Tazpit News Agency
A growing number of secular Israeli university students are embracing Jewish rights to the Temple Mount, following months of violence against Jewish visitors and tourists at the holy site and a growing Hamas presence.
During the Jewish holiday of Passover, the Temple Mount remained closed to both Jewish visitors and tourists as Arab rioters threw stones and flares at security officers from within the Al-Aqsa mosque on April 20. The violent rioting also forced an American rabbi to flee the mount with his family within two minutes of ascending when the site had briefly opened.
In another later episode, Arab protesters accosted a group of 25 ultra-Orthodox Jews and their children visiting the mount, pushing and shouting “Allahu Akbar” one day after the Passover incident. Caught on video, an Arab woman is heard screaming in Hebrew, “Get out of here!”
For Tom Nisani, 25, who studies political science at Hebrew University, securing Jewish rights to the Temple Mount has become a major issue.
“It feels like we are losing this holy place,” Nisani told Tazpit News Agency. “This is not so much a religious issue, as it is a national issue,” he says.
Nisani, who grew up in the Jezreel Valley in Afula and describes himself as secular with a penchant for tradition, has visited the Temple Mount at least a dozen times since last year. “At first, I was curious, I wanted to see what this site was like. Then I began to realize its true national value – there is no other place with as much meaning, where our history began and many of our Biblical stories originated.”
The Temple Mount is regarded as the holiest site in Judaism and the third-holiest in Islam. Two Jewish Holy Temples stood there for nearly a millennium and served as the center of Jewish life two thousand years ago.
But Nisani’s first visit to the site was a shocking experience according to him. “My first visit was humiliating – I was cursed at in Arabic, rocks were thrown at me, just because I am Jewish,” he said. “I have every right to be at the Temple Mount and not feel threatened.”
Nisani is leading a social media campaign to raise awareness about Jewish rights to the Temple Mount. He has over 200 student supporters on Facebook and encourages students from all over the country to visit the mount.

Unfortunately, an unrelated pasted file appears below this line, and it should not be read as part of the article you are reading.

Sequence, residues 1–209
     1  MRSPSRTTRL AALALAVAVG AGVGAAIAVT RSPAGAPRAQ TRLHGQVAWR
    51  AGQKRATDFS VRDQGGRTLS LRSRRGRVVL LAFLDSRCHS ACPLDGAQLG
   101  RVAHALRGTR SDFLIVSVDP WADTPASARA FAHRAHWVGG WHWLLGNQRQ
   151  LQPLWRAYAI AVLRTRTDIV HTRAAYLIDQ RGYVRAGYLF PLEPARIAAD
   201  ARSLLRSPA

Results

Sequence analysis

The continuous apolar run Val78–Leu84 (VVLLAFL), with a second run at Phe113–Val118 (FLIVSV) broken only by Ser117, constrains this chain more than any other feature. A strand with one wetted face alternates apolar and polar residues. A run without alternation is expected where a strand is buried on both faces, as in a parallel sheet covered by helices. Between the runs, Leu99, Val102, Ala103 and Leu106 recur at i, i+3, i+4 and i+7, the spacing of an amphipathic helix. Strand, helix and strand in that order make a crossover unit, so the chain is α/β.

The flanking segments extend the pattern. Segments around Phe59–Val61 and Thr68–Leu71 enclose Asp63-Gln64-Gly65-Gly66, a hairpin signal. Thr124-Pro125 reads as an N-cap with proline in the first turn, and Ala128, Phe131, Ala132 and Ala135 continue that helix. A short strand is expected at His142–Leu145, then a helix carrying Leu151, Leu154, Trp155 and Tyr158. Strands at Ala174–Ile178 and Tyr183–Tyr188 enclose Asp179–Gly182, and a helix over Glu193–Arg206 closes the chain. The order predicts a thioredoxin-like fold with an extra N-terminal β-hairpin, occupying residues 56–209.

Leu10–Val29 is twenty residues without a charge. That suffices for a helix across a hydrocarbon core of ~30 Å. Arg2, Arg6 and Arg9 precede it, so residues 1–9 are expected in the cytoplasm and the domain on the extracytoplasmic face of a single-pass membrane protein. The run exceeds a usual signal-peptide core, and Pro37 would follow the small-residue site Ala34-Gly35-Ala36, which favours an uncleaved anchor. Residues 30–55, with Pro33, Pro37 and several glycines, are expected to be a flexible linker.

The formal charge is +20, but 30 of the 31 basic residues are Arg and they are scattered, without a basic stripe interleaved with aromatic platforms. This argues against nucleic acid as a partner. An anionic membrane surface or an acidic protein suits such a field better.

“It is ridiculous that in the middle of our country’s capital, we have no control or authority over what goes on at a Jewish holy site. This has to change,” he says.
The Islamic Waqf, which was given administrative control of the mount following the Six Day War in 1967, bans Jewish prayer and worship. From the 11 different entry points to the Temple Mount, only one is permissible to Jews and non-Muslims. It is known as the Mugrabi Gate and it is open at inconvenient early morning hours. Visitors often have to wait for long hours until they are allowed to enter and sometimes it is too late. Any Jewish holy books and artifacts are forbidden and confiscated during security checks, while Waqf officials closely monitor Jewish groups during visits to the site.
Rachel Touitou, 22, who is a second-year student in International Relations at Hebrew University, agrees with Nisani. “This is not a religious or messianic issue. The left-wing media always tries to stereotype us as fanatics. We don’t want to remove the mosque and I’m not going to pick up a stone and start building the next Temple.”
“We just want our full democratic rights to be implemented. The Israeli government needs to be involved here – I want to feel safe when I visit the Temple Mount.”
Touitou made aliyah with her family from France fourteen years ago. “We left Paris right before the anti-Semitism started to get worse. My dad didn’t want us to grow up feeling afraid and under threat because we are Jewish.”
“It’s absurd and disturbing to see that this kind of threatening reality exists in the heart of Jerusalem, in the center of our historic capital. I feel like we escaped this scary reality in Paris only to find it here instead.”
But this hasn’t discouraged Touitou in any way. “I encourage my friends to visit the Temple Mount any chance they get and whenever there are visiting hours. During one visit, I brought a friend from Tel Aviv to the mount, who is completely secular and tattooed. Next to us, there was an ultra-Orthodox man. All three of us stood there on the mount and despite our different backgrounds, we connected to this holy place together” she recalls. “It was a very special moment.”
“I don’t care how many rocks and curses are thrown at us – that just makes me believe even more that every person should have safe and equal access to this site. The Temple Mount has the potential to unite and that’s what I hope will eventually happen.”